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Investors can’t afford to ignore climate change

Declaring a climate emergency challenges investors by highlighting the future impact on corporate operations and profitability.

By John Berry

OPINION: This week, our government announced a climate emergency, following the lead of the UK, France, Canada and Argentina. This reinforces our target to be carbon neutral by 2050 and supports our Paris accord commitments.

Declaring a climate emergency challenges investors by highlighting the future impact on corporate operations and profitability.

Fortunately, there are a range of strategies and tools for investors to measure the risk of companies in relation to climate change, to assess opportunities for better investment returns and to encourage companies to transition to a lower-carbon world.

Using these strategies and tools will be better for long-term investment returns as well as better for our planet and people.

The most widely used tool for investing responsibly is exclusions. This means avoiding investments that cause harm, and is typically applied to weapons, gambling and alcohol companies.

In relation to climate change, exclusions can focus on two areas. The first area is fossil fuel companies like oil, coal and gas companies, while the second area is high-emissions industries (like airlines) or high-emissions companies (like those burning coal in their production process).

But simply avoiding companies will not bring change. For this reason, exclusions do not go far enough.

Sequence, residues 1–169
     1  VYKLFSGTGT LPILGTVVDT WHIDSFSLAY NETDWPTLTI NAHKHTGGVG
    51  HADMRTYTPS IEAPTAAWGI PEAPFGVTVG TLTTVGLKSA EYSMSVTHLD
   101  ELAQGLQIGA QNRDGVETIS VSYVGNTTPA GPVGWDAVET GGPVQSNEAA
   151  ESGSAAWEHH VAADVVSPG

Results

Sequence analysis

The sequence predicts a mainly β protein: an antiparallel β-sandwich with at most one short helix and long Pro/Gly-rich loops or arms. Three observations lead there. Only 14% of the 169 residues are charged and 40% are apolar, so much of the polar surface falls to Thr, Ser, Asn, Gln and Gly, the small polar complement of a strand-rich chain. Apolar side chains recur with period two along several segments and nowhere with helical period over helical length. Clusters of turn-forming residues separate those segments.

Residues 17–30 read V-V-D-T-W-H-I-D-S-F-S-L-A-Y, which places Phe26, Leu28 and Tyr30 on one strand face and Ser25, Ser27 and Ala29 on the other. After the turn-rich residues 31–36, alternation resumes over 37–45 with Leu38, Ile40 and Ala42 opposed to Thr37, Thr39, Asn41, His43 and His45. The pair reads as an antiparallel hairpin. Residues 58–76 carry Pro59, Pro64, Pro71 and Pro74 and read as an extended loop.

A positive lens to investing can be applied by using environmental, social and governance (ESG) factors to assess companies alongside traditional financial metrics. There’s plenty of research globally showing this analysis helps create lower risk, better performing portfolios.

Adopting this approach makes sense intuitively as companies looking after their employees will have stronger staff retention, fewer sick days and higher productivity. So it’s good for staff and good for shareholders.

Where companies need a nudge from shareholders to transition faster towards a lower-carbon future, shareholders can engage with a company. This includes voting as a shareholder to effect change or direct communication with management.

Oil companies globally have been surprised by the depth of shareholder feeling around climate change with companies like BP and Chevron being told by shareholders to lift their game.

Shareholders are increasingly asking for emissions targets, better carbon disclosure and spending transparency for lobbying around climate issues.

A relatively new strategy for measuring the climate change risk of companies is to assess their carbon emissions and review their plans to transition to a low carbon world. This is not without challenges given it can often be hard to get full data from many companies.

In addition, it is essential to compare a company’s carbon footprint with equivalent peers. There is no point in comparing the carbon emissions of a transport company like Mainfreight with an energy company like Meridian.

A final strategy for responsible investors concerned about climate change is to narrow the investment universe only to positive themes that benefit our planet. These themes could include water companies, forestry and renewable energy like wind and solar manufacturers.

A narrower investment universe gives a strong focus on ‘good’ companies. However, it may also result in a less diversified risk profile for the portfolio.

The long-term stability of our climate is changing. Long-term investors with a focus on both their pocket and our planet need to change as well. Investors can no longer afford to ignore our climate emergency.

John Berry is chief executive at Pathfinder Asset Management, and KiwiSaver provider CareSaver. His views in this article are general only and are not recommendations for any particular person in relation to any share or financial product.

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